December 12, 2002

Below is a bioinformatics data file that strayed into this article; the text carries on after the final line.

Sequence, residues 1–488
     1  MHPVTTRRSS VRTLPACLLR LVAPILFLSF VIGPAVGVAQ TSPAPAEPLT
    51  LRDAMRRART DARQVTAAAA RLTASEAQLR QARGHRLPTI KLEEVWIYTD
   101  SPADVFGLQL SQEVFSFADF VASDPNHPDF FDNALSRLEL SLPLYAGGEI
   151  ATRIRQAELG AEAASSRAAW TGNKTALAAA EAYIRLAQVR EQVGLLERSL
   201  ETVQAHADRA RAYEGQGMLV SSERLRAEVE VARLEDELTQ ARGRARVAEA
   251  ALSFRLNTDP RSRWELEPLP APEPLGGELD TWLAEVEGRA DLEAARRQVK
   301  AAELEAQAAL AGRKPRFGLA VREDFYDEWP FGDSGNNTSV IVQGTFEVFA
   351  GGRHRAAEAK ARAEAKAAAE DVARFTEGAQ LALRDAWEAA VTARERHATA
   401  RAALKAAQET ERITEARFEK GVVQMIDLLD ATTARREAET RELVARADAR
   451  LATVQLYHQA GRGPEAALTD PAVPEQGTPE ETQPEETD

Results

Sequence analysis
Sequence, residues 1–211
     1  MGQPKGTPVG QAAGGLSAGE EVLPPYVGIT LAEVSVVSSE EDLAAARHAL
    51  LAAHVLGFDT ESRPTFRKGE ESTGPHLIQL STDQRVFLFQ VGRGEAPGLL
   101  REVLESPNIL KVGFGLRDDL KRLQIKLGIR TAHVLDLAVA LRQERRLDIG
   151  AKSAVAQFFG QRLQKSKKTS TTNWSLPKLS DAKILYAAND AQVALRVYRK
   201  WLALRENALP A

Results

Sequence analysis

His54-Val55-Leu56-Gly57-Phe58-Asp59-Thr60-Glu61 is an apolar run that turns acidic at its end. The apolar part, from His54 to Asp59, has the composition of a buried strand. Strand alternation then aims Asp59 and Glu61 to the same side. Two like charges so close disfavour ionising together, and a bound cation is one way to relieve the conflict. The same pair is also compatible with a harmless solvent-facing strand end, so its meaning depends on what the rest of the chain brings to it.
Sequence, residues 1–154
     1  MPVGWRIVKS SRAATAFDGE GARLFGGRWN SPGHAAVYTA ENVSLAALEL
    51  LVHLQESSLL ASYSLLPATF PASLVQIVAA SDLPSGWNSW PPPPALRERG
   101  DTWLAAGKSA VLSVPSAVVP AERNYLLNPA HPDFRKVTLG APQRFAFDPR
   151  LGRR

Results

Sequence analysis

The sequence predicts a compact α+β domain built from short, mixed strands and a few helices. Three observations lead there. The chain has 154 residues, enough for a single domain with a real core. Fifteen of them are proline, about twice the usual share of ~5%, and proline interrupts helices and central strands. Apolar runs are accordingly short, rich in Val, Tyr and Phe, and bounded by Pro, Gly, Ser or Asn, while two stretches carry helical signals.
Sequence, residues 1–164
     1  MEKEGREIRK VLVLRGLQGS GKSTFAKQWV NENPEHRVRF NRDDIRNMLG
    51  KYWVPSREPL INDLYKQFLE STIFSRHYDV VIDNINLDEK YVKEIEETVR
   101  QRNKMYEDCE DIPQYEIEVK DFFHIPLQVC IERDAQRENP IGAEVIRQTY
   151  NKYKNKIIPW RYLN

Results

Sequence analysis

In the early 1980s, public schools, particularly in urban areas, were struggling with changing demographics and a need for greater community commitment to public education. Small independent community-based organizations, called local education funds (LEFs), were first established at this time by community leaders to bridge the gap between communities and their schools. Twenty years later, the Public Education Network (PEN), the national organization of more than 70 of the country's LEFs, is championing LEFs' unique contributions to educational reform and planning new methods to continue to support their work. One important aspect of PEN's efforts is the development of a research agenda around LEF leadership and effectiveness.The Urban Institute has supported the emerging research on LEF leadership in several ways. First, in 2001, researchers administered and analyzed results of a survey of all current LEF executive directors. The results provided a snapshot of leadership characteristics and attitudes. Second, in 2002, researchers reviewed existing literature on LEFs and nonprofit leadership and interviewed several individuals about the founding of LEFs. Third, also in 2002, researchers conducted 60-to 90-minute telephone interviews with 10 founding directors of early LEFs.This report describes efforts by the Urban Institute and PEN to better understand and describe leadership in LEFs. The research conducted to date reveals the following common features of LEF leadership:LEF leaders create a space for sustained collaboration in communities. Founders, in particular, see their work as establishing unique and lasting forums in their communities.LEF leadership fits well in an adaptive leadership framework, in which the director educates him or herself about community values and exposes issues that must be resolved through collaborative action. Adaptive leaders mobilize others around a community consensus rather than dictate a solution. In the case of LEFs, developing key relationships contributes to successful leadership.These relationships involve community members, principals, government officials, local businesses, and other stakeholders. Because LEFs are meant to provide a permanent venue for collaboration, these relationships are not only instrumental but also ends in themselves.Although LEF leaders are extremely invested in their communities in terms of socioeconomic status and race, they are not typically representative of the communities their LEFs serve. This gap in constituency and representation leads to uncertainty about whether LEFs effectively engage all segments of the community in their work. More inclusive leadership, then, is an issue worth exploring.LEF leadership appears to involve making strategic choices in an environment of constraints. With limited human and financial resources, LEFs must attempt to achieve their goals through a complex interaction with their communities and schools. Key stages in LEF development include the shift to greater community engagement and systemic reform. However, not all LEFs follow the same developmental pattern.